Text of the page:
Doctor of Philosophy (Ph.D.)
Degree Granting Department
Biology (Cell Biology, Microbiology, Molecular Biology)
Sameer Varma, Ph.D.
Kristina Schmidt, Ph.D.
Gary Daughdrill, Ph.D.
Bin Xue, Ph.D.
conformational fluctuations, Molecular Dynamics, Paramyxovirus, PDZ, machine learning, signal propagation
Allostery describes the phenomenon where perturbations in one region of a protein affect protein behavior in another non-overlapping region. Considerable efforts made over decades to understand the molecular basis of allostery, yet an overarching theory that can predict signaling pathways and contributions from chemical components is still lacking. In fact, molecular details in even the most well-studied of model systems, PDZ domains and GPCRs, remain unclear. In this dissertation I use molecular simulation methods to understand the role of allostery in the regulated entry of paramyxovirus into host cells, and also develop a new method to determine time-dependent signaling pathways in proteins.
Paramyxoviruses include notable pathogens like the Parainfluenza, Measles, Nipah, and NDV, which continue to cause significant loss of life in humans and animals. Paramyxoviruses use two membrane proteins to infect, the attachment protein and the fusion protein. Attachment proteins have a stalk embedded in the membrane and four receptor binding domains that are organized as a dimer of dimers at the end of the stalk. The binding signal is relayed from the receptor binding domains to the stalk, which then triggers the fusion protein to activate and fuse the viral and host cell membranes. The details of how the receptor binding signal is transmitted from the binding domain to the stalk remain to be elucidated. To better understand this process, we perform simulations of the Measles dimer as well as the NDV dimer and tetramer. Our key result is that receptor binding has little effect on the structures of individual receptor binding domains, but these small changes in structure coupled with changes in thermal fluctuations, can can alter dimer interfaces — in NDV, dimer interfaces rotate by about 10° , while the interface of the Measles dimer shows no change. In our previous studies of the Nipah dimer, which were validated subsequently by experiment, we had found that receptor binding led to very large changes in dimeric interface. Taken together, our results suggest that the molecular details of allostery are not conserved among the different paramyxoviruses; a result that stands in stark contrast to inferences derived from macroscopic experiments that suggest paramyxoviruses to have a universally conserved fusion mechanism. For NDV, we also provide a detailed signaling model that is consistent with experimental findings on the effect of site-directed mutagenesis on receptor binding and fusion. Our studies on the crystal structure of the tetramer, which is missing ~90 stalk residues, show that it does not make a stable system for simulation – the receptor escapes and the partial stalk segment loses its structural integrity. Investigating receptor-induced changes at the tetramer level, which is necessary for measles, requires inclusion of the entire tetrameric stalk.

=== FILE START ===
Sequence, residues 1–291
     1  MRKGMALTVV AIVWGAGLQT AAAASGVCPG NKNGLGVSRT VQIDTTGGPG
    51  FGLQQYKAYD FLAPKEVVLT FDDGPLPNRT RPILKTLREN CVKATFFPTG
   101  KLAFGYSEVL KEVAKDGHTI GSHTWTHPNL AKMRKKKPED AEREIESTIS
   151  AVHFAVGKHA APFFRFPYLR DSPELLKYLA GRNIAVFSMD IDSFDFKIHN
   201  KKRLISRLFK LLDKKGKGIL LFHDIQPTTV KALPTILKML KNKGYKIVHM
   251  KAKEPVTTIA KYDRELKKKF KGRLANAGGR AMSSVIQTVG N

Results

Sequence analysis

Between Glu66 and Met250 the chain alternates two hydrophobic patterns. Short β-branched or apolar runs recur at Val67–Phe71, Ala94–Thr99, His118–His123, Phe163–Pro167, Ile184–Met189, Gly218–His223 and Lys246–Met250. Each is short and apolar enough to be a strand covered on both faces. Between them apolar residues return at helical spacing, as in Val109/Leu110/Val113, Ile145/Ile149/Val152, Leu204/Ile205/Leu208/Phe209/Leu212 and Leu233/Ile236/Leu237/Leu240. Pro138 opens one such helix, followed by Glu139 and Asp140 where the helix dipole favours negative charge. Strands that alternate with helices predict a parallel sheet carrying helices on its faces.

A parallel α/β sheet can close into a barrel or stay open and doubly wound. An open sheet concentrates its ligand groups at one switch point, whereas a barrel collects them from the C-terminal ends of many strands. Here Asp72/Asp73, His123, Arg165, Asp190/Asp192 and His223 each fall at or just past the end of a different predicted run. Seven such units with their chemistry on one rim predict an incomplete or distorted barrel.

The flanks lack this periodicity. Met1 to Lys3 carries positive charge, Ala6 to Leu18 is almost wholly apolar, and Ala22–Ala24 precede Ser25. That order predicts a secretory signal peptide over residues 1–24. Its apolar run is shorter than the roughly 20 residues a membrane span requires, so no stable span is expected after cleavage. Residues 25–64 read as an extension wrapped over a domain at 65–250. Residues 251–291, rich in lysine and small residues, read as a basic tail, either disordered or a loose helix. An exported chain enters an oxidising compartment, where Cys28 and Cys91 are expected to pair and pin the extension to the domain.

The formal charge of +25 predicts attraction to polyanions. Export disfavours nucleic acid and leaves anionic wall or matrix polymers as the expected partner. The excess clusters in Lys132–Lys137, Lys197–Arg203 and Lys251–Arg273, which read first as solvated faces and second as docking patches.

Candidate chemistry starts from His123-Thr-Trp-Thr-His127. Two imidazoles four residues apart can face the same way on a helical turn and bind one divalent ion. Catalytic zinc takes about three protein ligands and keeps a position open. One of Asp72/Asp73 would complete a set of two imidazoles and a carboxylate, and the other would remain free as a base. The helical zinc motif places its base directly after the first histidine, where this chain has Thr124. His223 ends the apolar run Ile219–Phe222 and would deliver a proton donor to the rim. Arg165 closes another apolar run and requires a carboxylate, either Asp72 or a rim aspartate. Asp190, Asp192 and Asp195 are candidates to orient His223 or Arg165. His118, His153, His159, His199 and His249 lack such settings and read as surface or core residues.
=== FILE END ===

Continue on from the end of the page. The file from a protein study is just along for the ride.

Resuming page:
The results we discussed above for Paramyxoviruses were obtained from equilibrium simulations, where we simulated proteins in receptor-bound and receptor-free states, and by comprising differences in structure and dynamics between these states, we identified the changes induced by receptors. These simulations, however, do not provide information on how signals propagate between allosteric sites. Understanding signal propagation requires generation and analysis of non-equilibrium data that captures the time-dependent switching between states. Here we develop a rigorous computational approach that quantitatively analyzes the time-evolution of allosteric signals in proteins, and identifies time-dependent signaling paths and allosteric signaling hubs. We use PDZ domains as our model system for which a lot of experimental data is available for testing and validation, and where signaling is known to occur through a combination of changes in structure and dynamics. The challenges here are to track and then analyze time-dependent changes in conformational “ensembles,” so that changes in both structure and dynamics are considered. We demonstrate that simultaneous tracking of changes in structure and dynamics can be accomplished by supervised machine learning, and we perform analysis on event tracking by using directed graphs. In its application to PDZ domains, we note that our method correctly distinguishes between experimentally characterized residues that affect receptor binding and those that do not affect receptor binding.
Overall, these studies provide new insight into the role of protein dynamics in allosteric signaling, and identify the specific roles of allostery in the regulated fusion machinery of paramyxoviruses. Additionally, this work provides a new method to determine time-dependent signaling pathways in proteins, which we anticipate will be applied in future to resolve key mechanistic issues in many biomedically important proteins that are controlled by dynamic allostery.
Scholar Commons Citation
Duro, Nalvi, "Allosteric Control of Proteins: New Methods and Mechanisms" (2020). USF Tampa Graduate Theses and Dissertations.